Making the Move – Joan Kofodimos, Teleos Consulting

joankofodimos Issue 05 - May/June 2013, Professional Development Leave a Comment

On the basis of numbers alone, it stands to reason that some percentage of high-potential middle managers don’t progress to the very senior positions in their organizations. But what accounts for who makes it to the top and who “derails”? Is it random? Luck? Who you know or what you know? Is there anything you can do to increase your chances?

An entire stream of research has attempted to answer this question. These studies compared people who reached general manager positions and continued to be highly promotable (the “successes”), with those who either left the organization involuntarily or reached a career plateau (the “derailers”).

What have we learned from this research? People in both groups are successful in their early careers due to some standout strength which propels them into middle management. Examples of that strength include: a track record of business performance, technical expertise, interpersonal charm, loyalty to management, ambition, or the ability to manage subordinates.

But there are also differences. As some managers move into larger or different roles, their qualities that have previously been strengths can become weaknesses. These managers are often blind to this shift, partly because co-workers fear giving them feedback, and partly because they discount any feedback they receive. They’ve made it this far on the basis of their strengths, and they don’t want to mess with a winning formula. As a result, here’s what can happen:

  • Technically brilliant managers derail because they are abrasive and attached to their own picture of the “right” answer.
  • Likeable managers derail because they can’t take a stand or have a difficult conversation.
  • Strategic managers derail because they can’t develop their people, and thus they become the bottleneck for any complex problems.

Managers who, in contrast, continue to be successful, don’t show any difference in the pattern of early strengths. The biggest difference is, the successful managers continue growing. They are aware of their strengths and their weaknesses and find ways to compensate for their weaknesses (and for the downsides of their strengths). They take responsibility for their mistakes and ask for help.

And the successful managers learn specific lessons that help them overcome the potential downsides of their strengths. Here are some of the most common lessons:

  • If you are technically brilliant, you need to learn to honor others’ perspectives.
  • If you are well-liked and a good relationship builder, you need to let go of the fear of damaging relationships, and learn how to manage conflict.
  • If you are strategic, see the big picture and connect the dots, you need to let go of the seductiveness of being the “hero” and learn how to coach others to think strategically.

What might you do to surface your blind spots and prevent derailment? Here are some suggestions.

Reflect on the leadership strengths that have helped you in the past. Every strength has a flip side. What is the flip side of your strengths? How might your strengths be hindering you in your current role?

Identify where you are stuck. You probably are aware of some areas where you act in ways that aren’t effective, but you can’t get past your habitual patterns. Getting un-stuck usually requires you to understand the deeper motives behind your behavior, and your self-talk. If you’re the likable person who avoids conflict, what are you telling yourself about the risks of having the difficult conversation?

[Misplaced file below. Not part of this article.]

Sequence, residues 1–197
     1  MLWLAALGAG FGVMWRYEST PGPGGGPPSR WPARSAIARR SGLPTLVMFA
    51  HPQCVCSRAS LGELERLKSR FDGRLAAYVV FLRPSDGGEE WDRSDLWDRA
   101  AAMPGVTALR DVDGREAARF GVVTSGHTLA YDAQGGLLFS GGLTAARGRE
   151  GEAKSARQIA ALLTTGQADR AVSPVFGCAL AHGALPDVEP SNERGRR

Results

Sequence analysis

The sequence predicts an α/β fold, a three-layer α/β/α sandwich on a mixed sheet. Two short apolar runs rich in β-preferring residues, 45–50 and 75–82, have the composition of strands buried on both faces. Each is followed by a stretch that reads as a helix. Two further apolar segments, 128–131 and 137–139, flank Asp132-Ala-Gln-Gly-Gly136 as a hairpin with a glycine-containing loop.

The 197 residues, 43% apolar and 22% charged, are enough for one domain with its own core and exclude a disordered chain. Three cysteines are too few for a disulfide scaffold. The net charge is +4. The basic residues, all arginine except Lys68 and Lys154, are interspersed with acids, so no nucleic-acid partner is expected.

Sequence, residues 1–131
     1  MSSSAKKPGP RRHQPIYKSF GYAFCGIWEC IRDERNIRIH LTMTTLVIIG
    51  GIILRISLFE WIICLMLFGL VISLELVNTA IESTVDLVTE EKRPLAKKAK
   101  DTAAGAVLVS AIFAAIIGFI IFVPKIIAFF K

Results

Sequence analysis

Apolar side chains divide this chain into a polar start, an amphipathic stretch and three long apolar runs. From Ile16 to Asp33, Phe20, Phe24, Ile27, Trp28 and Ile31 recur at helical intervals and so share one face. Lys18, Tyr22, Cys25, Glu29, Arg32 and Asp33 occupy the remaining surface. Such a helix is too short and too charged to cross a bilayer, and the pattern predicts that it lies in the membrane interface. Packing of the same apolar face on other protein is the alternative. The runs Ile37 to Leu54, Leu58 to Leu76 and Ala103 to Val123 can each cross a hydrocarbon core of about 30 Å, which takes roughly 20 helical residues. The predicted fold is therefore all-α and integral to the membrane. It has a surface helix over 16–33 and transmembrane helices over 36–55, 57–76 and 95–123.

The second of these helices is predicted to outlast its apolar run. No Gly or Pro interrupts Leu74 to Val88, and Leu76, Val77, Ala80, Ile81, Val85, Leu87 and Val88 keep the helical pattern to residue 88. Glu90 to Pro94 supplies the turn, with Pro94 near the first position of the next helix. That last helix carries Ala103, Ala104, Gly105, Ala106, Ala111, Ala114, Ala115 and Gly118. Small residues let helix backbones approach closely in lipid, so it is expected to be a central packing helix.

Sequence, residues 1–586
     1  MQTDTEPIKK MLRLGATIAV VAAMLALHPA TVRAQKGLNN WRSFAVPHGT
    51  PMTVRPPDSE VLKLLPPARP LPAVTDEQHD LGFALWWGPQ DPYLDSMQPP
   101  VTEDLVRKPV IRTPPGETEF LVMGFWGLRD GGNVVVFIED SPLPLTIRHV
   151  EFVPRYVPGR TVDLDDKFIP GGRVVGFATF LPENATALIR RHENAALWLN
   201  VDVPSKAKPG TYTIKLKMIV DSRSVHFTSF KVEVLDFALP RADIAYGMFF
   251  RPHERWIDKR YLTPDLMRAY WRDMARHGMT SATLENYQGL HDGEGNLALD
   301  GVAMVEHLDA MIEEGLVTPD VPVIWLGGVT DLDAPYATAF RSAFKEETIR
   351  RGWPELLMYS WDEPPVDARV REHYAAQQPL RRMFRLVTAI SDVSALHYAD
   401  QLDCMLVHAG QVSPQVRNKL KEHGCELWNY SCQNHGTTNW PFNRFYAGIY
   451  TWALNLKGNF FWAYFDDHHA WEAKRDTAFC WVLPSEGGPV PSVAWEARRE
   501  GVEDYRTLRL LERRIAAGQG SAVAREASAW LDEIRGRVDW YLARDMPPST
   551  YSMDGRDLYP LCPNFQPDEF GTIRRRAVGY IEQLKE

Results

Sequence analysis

Be aware of your weaknesses, and compensate for them. If you know, for example, that you are great at visioning and terrible at execution – make sure you surround yourself with people who are good at execution. Even more importantly, make sure you don’t discount the input of those people, because in the moment you are apt to believe that visioning is way more important than execution.

Reach out to colleagues for feedback. They can help you see whether your picture of yourself is still accurate, and what you might not be recognizing about your impact. Make sure you talk to a range of people, and not just your fan club.

Create your “developmental team”. The best way to get long-term support for your development is to have multiple coaches and mentors, each helping you in a specific way. Different individuals see you in different settings and are tuned into different behaviors.

Most importantly, recognize that you are not locked into any of these patterns forever. At every stage in your career, you have a “growing edge,” where strengths that have served you in the past no longer serve you, where you’re stuck precisely because of those strengths. Finding this edge, shifting your mindset and your approach, is your lifelong task of growth as a leader.


Joan Kofodimos is a partner at Teleos Consulting, a firm that brings unique approaches to help organizations overcome challenges and improve performance. Joan coaches leaders and leadership teams to help them gain insight into style and impact, broaden their strategic perspective, improve stakeholder relationships, and reach their goals. Joan has a PhD from Yale University and is the author of several books including Your Executive Coaching Solution and Balancing Act. Learn more or contact Joan online at

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